What is more disturbing in the mind of Jeremiah is that the company he was working for when the accident happened has not paid him a penny in compensation, nor has it in any way assisted him to get medication, “since I was just a casual labourer.”

He says he has made several trips to the company offices in Malindi to seek for assistance, but all he has received is sympathy without empathy.

“Whenever I go to the offices, the bosses there are very kind but they say the company cannot help me because I was a casual labourer with no written contract,” he says adding, “All I get is the same answer, ‘Jeremiah, there is nothing the company can do for you.’

Jeremiah says on the fateful day, he had reported at the KPLC offices in Malindi town when he and his colleagues were informed that there was an emergency in Bofa area of Kilifi Town.

“We boarded a company truck and rushed to the scene, about 65 kilometers away. As I disembarked from the truck, I stepped on a live power cable and fell down.

“I hit the cable with a dry stick but unfortunately, my left foot also stepped on another wire. I asked a colleague to buy me a packet of milk, which gave me relief and I worked as if nothing had happened,” he says.

He says when the crew arrived at the KPLC Malindi yard, they all disembarked and he went home, feeling sick, and that was the beginning of misery that has refused to leave his life for the last 20 years.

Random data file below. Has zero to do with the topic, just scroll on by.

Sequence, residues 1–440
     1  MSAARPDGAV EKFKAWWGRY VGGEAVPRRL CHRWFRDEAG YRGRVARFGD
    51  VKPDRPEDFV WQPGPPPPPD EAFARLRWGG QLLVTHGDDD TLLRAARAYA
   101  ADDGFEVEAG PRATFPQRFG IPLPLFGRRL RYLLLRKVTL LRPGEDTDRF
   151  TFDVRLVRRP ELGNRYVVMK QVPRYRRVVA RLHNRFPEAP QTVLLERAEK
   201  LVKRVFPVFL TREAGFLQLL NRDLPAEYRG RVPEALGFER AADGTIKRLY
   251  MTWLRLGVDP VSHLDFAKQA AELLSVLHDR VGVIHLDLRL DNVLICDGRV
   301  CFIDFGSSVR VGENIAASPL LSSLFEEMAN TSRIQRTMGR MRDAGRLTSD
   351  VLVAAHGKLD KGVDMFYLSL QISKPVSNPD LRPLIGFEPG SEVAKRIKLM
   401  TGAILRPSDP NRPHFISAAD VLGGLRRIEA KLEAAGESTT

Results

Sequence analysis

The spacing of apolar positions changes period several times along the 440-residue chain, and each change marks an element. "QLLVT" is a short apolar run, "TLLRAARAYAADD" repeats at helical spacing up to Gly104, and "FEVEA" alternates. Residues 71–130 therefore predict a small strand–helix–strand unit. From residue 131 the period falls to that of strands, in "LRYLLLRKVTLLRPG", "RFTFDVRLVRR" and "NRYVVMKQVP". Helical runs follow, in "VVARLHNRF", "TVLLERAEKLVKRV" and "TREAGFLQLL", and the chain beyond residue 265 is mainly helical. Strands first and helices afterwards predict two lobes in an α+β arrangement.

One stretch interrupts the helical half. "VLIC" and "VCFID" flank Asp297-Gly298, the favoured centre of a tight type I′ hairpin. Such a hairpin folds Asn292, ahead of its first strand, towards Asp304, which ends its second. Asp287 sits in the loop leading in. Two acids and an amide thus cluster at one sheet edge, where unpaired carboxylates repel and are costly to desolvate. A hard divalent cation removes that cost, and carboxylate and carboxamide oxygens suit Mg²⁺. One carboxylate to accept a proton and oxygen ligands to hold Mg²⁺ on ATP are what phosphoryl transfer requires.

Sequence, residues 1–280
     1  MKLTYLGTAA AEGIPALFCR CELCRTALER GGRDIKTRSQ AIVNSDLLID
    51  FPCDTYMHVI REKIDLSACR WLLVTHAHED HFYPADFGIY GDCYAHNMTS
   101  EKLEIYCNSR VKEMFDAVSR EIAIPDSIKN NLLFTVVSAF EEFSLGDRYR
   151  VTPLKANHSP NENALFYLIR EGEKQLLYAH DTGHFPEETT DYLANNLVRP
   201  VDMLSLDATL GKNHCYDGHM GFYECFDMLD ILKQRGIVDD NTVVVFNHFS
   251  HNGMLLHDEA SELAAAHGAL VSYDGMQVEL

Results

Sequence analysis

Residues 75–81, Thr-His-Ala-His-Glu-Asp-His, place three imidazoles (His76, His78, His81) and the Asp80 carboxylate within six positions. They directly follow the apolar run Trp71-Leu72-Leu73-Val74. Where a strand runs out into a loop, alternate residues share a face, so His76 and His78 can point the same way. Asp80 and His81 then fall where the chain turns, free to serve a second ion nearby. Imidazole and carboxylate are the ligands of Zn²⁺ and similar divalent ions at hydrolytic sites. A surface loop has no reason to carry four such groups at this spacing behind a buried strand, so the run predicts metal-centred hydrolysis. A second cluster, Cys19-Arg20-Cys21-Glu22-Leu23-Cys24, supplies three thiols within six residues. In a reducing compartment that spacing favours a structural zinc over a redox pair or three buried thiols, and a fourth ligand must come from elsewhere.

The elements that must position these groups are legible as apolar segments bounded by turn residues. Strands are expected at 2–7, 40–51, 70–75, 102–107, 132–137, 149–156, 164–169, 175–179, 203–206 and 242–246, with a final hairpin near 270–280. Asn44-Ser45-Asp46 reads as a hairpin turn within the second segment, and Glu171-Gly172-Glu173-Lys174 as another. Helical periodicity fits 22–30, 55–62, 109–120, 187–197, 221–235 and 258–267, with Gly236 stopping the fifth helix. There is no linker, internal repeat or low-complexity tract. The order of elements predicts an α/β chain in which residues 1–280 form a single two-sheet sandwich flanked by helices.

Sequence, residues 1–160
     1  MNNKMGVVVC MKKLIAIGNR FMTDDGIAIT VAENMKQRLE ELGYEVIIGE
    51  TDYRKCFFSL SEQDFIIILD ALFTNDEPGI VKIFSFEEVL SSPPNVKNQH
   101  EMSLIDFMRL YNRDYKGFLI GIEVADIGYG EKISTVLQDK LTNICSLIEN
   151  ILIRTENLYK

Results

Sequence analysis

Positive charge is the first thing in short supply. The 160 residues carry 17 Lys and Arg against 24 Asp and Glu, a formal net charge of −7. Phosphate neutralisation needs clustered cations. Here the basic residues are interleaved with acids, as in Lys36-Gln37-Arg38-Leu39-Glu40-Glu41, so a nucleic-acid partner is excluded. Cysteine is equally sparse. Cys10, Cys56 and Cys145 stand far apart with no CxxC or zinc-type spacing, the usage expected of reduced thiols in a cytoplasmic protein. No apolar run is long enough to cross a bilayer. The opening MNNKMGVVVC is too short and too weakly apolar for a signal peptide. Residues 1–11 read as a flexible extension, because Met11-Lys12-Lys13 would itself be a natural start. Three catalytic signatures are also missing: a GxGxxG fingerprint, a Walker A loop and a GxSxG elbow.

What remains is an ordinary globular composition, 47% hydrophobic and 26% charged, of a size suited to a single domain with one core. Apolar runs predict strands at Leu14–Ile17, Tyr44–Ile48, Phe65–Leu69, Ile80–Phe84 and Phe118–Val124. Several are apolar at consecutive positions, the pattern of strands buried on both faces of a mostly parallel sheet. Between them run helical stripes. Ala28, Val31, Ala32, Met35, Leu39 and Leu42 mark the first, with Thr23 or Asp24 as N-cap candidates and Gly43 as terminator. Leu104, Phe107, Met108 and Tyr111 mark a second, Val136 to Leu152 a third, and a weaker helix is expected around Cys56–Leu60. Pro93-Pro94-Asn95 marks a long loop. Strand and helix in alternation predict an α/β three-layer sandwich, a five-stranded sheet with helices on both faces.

The widowed father of one is now appealing to well-wishers to help him get medication and food, as the only son he has is overwhelmed by the responsibilities laid on his shoulders at a tender age.

Jeremiah says he did not go to hospital to get treated, but a doctor, who was brought by his father (now deceased) volunteered to treat him at home. After the doctor’s death, Jeremiah became his own doctor.

75-year old Emily Katana, Jeremiah’s mother, says life has been unbearable since Jeremiah got injured, followed by the demise of her husband and daughter-in-law.

“My son used to take good care of us, but he one day came home injured on both feet. What we do not understand is why the company he worked for has not shown any concern while we have been reduced to beggars,” she says.

At her age, Mama Emily is expected to have started receiving the monthly Sh2,000 stipend for elderly persons under the government’s cash transfer programme, but she neither gets this money nor the stipend for vulnerable persons in which beneficiaries have been receiving Sh1,000 weekly since March, 2020 meant to cushion vulnerable persons from the effects of Covid-19.

She is appealing to the government and other well-wishers to come to her family’s aid – to help in the treatment of her son and daughter, provide the family with food as well as help Magdalene to return home from Dubai.

Anybody wishing to support Jeremiah can do so through his personal cell phone number 0746155368.

By Emmanuel Masha